We can hardly leave all the blame with Esau. Here’s the thing: Esau gave up his birthright for a pot of stew, but Jacob gave up his family for a birthright. Things get exponentially heated in this tale between two brothers. Eventually Jacob steals Esau’s blessing too, and the whole family is torn asunder. Rebekah participates in deceiving her ill husband; Jacob is forced to leave home for many, many years out of fear that Esau will kill him for stealing the birthright and the blessing. The family lives divided for a long, long time, mostly because of Jacob’s unchecked greed.

It was not just Esau who acted from shortsighted lust; it was both brothers who valued a lesser thing to the point of self-destructive behavior. We could take this to be a lesson in detachment and the letting go of desire, because look where wanting stuff leads you. But I’m not entirely sure that is the whole story . . .

Later, when Jacob returns after many years away, he is terrified Esau will try to kill him and his family, so he sends gifts out of ahead of him. But Esau needs no such peace offerings. He rushes to Jacob, embraces him, and kisses him.

What could have inspired such reconciliation on Esau’s part? Was it contentment? Was it that Esau learned to be content with what he got—despite the loss of his birthright and blessing? He ended up with plenty of stuff after all, so he no longer needed revenge on Jacob . . . was that what happened?

I think if plain contentment were the sole factor at play here, Esau’s reaction to Jacob would have been passive indifference—no need to kill, but certainly no need to hug. I conclude the only thing that could have prompted a reconciling embrace was desire. Esau wanted his brother back. He wanted restoration and a reunited family. We witness in Esau something of a transformation of his desires. First, he just wanted food. Then, he wanted his birthright back. Now, he wants a relationship with his brother. Though cast in the beginning as rather dense, his heart is softening and Esau is maturing in his old age. His desires are being changed.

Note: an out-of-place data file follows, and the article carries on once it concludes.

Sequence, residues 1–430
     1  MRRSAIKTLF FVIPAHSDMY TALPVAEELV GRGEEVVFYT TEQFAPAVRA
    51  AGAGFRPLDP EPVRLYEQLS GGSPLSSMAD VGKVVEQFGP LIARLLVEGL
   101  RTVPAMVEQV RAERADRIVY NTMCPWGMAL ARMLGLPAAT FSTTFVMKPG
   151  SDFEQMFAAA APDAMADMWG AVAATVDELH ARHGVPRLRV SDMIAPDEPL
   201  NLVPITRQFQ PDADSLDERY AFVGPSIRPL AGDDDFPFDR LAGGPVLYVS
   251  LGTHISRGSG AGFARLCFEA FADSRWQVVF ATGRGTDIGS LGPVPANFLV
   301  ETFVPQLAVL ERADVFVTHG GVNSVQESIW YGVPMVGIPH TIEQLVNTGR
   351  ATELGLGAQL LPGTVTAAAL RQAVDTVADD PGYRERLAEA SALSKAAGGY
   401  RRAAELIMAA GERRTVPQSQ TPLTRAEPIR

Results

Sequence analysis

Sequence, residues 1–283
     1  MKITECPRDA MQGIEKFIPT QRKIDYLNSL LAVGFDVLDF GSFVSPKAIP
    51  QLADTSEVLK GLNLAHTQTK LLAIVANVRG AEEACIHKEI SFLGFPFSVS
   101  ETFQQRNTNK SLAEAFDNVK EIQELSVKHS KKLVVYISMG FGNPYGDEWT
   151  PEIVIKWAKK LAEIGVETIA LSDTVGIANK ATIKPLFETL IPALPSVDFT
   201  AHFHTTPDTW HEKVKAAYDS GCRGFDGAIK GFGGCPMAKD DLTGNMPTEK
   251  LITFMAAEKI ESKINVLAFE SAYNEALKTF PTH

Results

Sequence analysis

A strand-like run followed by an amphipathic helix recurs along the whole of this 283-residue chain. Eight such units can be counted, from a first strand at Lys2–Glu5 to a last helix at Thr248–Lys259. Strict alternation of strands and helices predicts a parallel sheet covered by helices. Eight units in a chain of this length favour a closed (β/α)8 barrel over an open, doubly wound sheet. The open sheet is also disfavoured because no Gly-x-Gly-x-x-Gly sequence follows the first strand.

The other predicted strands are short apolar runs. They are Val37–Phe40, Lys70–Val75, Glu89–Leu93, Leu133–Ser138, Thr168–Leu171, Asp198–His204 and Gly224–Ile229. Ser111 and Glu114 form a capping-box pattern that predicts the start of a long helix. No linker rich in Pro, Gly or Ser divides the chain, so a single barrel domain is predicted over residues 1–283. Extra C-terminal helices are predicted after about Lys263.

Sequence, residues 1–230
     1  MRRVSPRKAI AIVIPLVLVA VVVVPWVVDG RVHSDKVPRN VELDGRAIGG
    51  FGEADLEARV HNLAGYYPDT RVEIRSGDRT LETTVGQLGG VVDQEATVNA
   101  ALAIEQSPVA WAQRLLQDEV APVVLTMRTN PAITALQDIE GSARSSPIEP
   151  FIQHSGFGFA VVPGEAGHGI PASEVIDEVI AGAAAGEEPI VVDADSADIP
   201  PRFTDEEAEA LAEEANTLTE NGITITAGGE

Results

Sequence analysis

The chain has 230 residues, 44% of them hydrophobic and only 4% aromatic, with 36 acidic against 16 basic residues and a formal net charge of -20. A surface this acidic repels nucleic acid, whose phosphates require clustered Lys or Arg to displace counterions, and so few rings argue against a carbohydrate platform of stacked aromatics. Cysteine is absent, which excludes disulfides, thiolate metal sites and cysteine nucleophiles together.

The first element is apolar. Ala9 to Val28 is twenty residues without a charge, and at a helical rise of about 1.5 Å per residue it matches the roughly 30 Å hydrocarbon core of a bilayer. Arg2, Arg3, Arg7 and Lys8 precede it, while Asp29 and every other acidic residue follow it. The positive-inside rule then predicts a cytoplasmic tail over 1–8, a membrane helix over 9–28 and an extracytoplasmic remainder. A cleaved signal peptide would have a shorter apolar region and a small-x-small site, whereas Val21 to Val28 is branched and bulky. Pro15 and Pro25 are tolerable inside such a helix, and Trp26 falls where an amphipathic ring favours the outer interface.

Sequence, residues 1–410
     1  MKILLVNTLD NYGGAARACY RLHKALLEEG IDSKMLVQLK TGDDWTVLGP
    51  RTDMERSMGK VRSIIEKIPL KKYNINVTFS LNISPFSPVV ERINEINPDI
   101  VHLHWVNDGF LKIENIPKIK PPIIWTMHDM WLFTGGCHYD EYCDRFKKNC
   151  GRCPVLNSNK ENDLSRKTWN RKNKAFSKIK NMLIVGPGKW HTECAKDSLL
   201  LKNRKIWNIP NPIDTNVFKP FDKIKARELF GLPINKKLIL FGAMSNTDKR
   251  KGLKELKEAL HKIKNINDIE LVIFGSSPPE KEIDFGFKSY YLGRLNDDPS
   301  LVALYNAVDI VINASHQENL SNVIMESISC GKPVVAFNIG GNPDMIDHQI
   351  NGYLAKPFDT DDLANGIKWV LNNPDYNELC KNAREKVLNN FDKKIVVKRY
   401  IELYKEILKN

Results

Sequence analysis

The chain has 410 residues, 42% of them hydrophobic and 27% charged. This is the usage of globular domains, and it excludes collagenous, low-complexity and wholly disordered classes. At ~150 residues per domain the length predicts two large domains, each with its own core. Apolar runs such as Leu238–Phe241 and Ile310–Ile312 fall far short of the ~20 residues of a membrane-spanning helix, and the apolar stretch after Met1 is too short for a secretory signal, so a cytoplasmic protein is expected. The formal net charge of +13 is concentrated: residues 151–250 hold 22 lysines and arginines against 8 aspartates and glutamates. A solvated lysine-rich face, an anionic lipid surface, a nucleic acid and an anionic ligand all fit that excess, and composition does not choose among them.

The spiritual journey is sometimes characterized as ever-increasing detachment. We achieve peace by learning to let go of our desire for lesser things. But this is only half the story. The other half is letting our desire for better things run high. Esau let the desire for reconciliation override the desire for getting his justice.

The refining and reshaping of our desires is by no means a clear-cut path. We seem to go in circles: we want, we let go, we want, we let go. We get what we want, then realize it wasn’t what we really wanted. We do not get what we want, and we cannot comprehend why God seems to taunt us with a carrot on a stick. We allow desire to squelch discernment, then let logic drown out the beautiful cries of the heart. We mess up relationships and miss out on opportunities and life-expanding risks. But somewhere down the road, it occurs to us that our desires are being refined, that some of our desires are good and right and holy, that most of our desires are a strange blend of divine calling and selfish ambition, that who we are is hopelessly complex and hopefully full of potential for a lifetime of stunning reconciliations and free gifts we did not have to trick anyone into giving us.